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MILAN — Moncler Group is revving up to launch an initial public offering in the first half, possibly in June.

This story first appeared in the February 22, 2011 issue of WWD. Subscribe Today.

According to sources, the Italian company has tapped Banca Imi, Morgan Stanley and Bofa-Merrill Lynch as global coordinators. The plan is to float up to 50 percent of Moncler on the Milan Stock Exchange.

In addition to the Moncler brand, the Moncler Group includes high-end sportswear labels Henry Cotton’s, Marina Yachting and Coast, Weber & Ahaus, and it holds the license for Cerruti. The group closed 2010 with sales of 426 million euros, or $562.3 million.

Sources estimate that, if listed, the group could be valued at about 1.1 billion euros, or $1.5 billion at current exchange rate.

The Carlyle Group, which owns 48 percent of Moncler, is considering the IPO for the group as a whole. “Each [brand] has a different customer, business model, identity and management,” said Marco De Benedetti, managing director of Carlyle, describing the other firms in the group as “more sportswear and functional and less luxury.”

Remo Ruffini, the firm’s president and creative director, credits his intuitive choices as driving the Moncler brand’s evolution from a collection of utilitarian, down-filled apparel with mostly local distribution into a fashionable, international label. From early projects with designers such as Nicolas Ghesquière and Junya Watanabe to ad campaigns shot by Bruce Weber, Ruffini is hard pressed to explain his decisions, except to say that he’s always followed his “instincts.”

But it’s also apparent there is a clear-cut strategy behind the company’s expansion. Ruffini, who acquired Moncler in 2003, immediately focused on “returning to the brand’s roots, adding a contemporary and technological edge.” Also, international growth has always been a priority through “a directly and tightly controlled and exclusive distribution.”

In order to create a cohesive statement, Ruffini stripped down Moncler to its essence: the down jacket. “I didn’t want to overburden the consumer with too many features, it had to be a clear and simple message,” he recalled. In addition, the entrepreneur was quick to understand that financial muscle would help further sustain the expansion and so sold a 48 percent stake in the company to private equity fund Carlyle in 2008.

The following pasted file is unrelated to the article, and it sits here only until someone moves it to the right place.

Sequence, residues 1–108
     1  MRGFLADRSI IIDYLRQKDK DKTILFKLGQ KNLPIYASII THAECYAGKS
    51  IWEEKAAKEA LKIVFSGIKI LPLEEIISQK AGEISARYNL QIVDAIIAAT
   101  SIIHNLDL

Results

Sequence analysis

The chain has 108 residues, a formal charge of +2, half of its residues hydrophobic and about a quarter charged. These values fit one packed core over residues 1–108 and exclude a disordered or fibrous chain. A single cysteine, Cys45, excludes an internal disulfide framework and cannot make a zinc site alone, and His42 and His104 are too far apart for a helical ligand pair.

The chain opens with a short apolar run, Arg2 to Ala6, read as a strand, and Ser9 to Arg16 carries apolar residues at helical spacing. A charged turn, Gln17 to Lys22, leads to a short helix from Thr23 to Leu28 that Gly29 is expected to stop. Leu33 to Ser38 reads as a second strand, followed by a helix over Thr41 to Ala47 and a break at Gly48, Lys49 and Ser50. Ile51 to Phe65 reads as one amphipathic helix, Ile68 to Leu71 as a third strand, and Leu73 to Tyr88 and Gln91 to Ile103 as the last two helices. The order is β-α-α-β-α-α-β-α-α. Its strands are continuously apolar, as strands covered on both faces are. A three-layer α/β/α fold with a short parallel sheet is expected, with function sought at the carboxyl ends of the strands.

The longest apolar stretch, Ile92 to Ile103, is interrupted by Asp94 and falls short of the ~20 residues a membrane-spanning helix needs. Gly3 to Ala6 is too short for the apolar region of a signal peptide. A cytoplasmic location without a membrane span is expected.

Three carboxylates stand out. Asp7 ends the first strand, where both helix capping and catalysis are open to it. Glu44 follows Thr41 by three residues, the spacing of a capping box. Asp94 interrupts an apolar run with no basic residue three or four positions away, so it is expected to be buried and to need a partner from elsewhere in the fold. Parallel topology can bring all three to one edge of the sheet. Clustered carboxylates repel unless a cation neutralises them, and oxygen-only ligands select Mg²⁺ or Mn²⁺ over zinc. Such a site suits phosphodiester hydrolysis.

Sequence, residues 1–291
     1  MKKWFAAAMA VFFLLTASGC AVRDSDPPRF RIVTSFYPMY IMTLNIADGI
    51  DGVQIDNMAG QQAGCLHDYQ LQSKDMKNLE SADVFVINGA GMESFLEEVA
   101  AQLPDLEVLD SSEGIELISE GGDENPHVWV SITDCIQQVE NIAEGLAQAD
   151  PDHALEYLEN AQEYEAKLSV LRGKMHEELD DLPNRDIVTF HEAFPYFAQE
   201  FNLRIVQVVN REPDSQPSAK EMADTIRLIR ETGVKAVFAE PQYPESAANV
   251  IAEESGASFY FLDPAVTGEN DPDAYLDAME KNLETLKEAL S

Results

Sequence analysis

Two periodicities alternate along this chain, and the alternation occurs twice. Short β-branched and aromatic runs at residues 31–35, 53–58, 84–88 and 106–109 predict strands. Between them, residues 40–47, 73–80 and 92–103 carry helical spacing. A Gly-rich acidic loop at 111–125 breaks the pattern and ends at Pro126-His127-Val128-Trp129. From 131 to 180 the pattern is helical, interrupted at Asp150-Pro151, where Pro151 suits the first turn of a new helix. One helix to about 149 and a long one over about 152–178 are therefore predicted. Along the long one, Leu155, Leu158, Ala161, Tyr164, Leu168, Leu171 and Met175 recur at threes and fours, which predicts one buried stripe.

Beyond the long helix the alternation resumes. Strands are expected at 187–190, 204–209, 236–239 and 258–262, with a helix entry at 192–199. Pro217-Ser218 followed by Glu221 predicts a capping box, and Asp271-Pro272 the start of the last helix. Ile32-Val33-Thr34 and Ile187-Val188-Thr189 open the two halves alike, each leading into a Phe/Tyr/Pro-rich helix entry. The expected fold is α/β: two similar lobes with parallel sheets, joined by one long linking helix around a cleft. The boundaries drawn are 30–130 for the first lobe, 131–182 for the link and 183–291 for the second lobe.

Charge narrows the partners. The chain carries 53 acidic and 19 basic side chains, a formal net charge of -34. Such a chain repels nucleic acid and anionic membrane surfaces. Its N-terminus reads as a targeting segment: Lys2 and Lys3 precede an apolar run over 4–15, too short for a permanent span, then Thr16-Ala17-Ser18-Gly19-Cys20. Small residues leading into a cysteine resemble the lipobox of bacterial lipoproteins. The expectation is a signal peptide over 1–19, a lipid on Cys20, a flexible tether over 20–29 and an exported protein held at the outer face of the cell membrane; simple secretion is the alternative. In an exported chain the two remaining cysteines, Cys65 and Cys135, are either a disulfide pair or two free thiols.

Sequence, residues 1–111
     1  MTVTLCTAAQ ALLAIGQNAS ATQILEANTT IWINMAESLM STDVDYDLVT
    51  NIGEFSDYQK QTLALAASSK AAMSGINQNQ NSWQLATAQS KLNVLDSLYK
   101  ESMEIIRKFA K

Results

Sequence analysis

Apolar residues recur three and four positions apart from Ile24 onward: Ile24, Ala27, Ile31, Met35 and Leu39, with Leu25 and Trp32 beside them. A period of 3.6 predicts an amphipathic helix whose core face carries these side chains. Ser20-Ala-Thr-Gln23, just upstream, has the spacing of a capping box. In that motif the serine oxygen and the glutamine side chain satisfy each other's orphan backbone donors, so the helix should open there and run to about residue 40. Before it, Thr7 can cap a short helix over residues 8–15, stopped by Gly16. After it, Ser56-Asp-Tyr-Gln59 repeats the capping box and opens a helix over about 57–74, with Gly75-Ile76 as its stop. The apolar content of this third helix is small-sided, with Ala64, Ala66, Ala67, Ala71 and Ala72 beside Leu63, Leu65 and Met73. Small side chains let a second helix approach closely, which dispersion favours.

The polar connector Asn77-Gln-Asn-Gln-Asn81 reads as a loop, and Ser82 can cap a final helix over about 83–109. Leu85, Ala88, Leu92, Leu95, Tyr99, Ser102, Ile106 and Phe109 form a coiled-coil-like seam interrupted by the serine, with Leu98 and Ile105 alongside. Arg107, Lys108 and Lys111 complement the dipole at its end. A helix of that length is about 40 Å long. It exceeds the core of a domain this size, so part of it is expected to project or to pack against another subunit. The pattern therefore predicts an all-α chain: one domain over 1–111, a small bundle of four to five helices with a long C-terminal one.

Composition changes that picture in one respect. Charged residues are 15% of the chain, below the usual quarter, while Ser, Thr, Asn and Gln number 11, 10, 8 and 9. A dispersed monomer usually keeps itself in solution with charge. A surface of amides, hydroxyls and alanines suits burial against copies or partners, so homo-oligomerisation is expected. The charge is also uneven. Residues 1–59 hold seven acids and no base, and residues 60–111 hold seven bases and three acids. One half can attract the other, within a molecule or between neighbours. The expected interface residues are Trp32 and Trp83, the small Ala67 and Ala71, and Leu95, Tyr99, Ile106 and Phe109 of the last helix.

“This was essentially an Italian brand, but, from Day One, I was convinced that it had the potential to become global,” said De Benedetti. “Remo was on the right track, and I thought Carlyle could concretely help accelerate Moncler’s internationalization.”

Both Ruffini and De Benedetti support a public offering. “We are preparing for the IPO, it’s an opportunity for the company to be more international and have more visibility,” said Ruffini.

“Yes, our objective is an IPO, it’s one of the things that we shared since the beginning as part of the foundations for a global brand,” concurred De Benedetti. He stressed, though, that there is “no need for new capital” and that the IPO will simply help the company take “a long-term perspective. As a fund, this is a term investment per definition.”

While Prada Group has chosen Hong Kong for its IPO, De Benedetti said Moncler is a “European company. I think it will maintain its roots, and list where these roots and values are.” In any case, De Benedetti and Ruffini are adamant that Moncler will remain a luxury brand.

“We have no plans to over-distribute the label, we want to count 100 stores at the most,” said De Benedetti. The brand currently has 46 stores.

Moncler brand revenues in 2009 totaled 220 million euros, or $305.8 million at average exchange. Sales for 2010 have not been revealed but they are estimated to have been 261 million euros, or $345 million at current exchange. The summer season now accounts for almost a third of sales, while it used to be “almost nonexistent,” said De Benedetti.

Moncler was initially a wholesale business, but Carlyle has accelerated expansion of the brand’s retail division in the past two years. The latter accounts today for 30 percent of sales and De Benedetti said he expected it to represent half of revenues in three years. Last fall, stores opened in Seoul; Lugano, Switzerland, and Munich, followed by units in Shanghai and Chicago in November and Beijing in December. Another venue in Beijing will open this year. Over the next three years, the company plans to open 10 stores in China.

Geographically, Italy accounts for 43 percent of sales, followed by the rest of Europe, which represents 35 percent of revenues. The Far East/rest of the world and the U.S. make up 16 percent and 6 percent of sales, respectively.

In Japan, which is an historical market for Moncler, the company sharpened its wholesale network, but Ruffini also said it was a “priority” to open a Tokyo flagship this year. In February 2010, Moncler teamed up with Comme des Garçons on a selection of special products and a retail concept, a project dubbed Moncler 365. There are 10 shops-in-shops in Japan.

The company’s high-fashion collaborations include Moncler Gamme Rouge for women, designed by Giambattista Valli, and Moncler Gamme Bleu for men by Thom Browne. In February 2010, the company introduced its technical ski range Moncler Grenoble, named after the French town where the company was founded in 1952. The fall collection was shown last week at Grand Central Terminal during New York Fashion Week.

Carlyle III, which is the pan-European fund that made the investment in Moncler, sits on a cash pile of 5.5 billion euros, or $7.2 billion, and has invested half of this sum, said De Benedetti. The fund continues to look at the fashion sector for further investments, although De Benedetti conceded this is “not a sector for all.”

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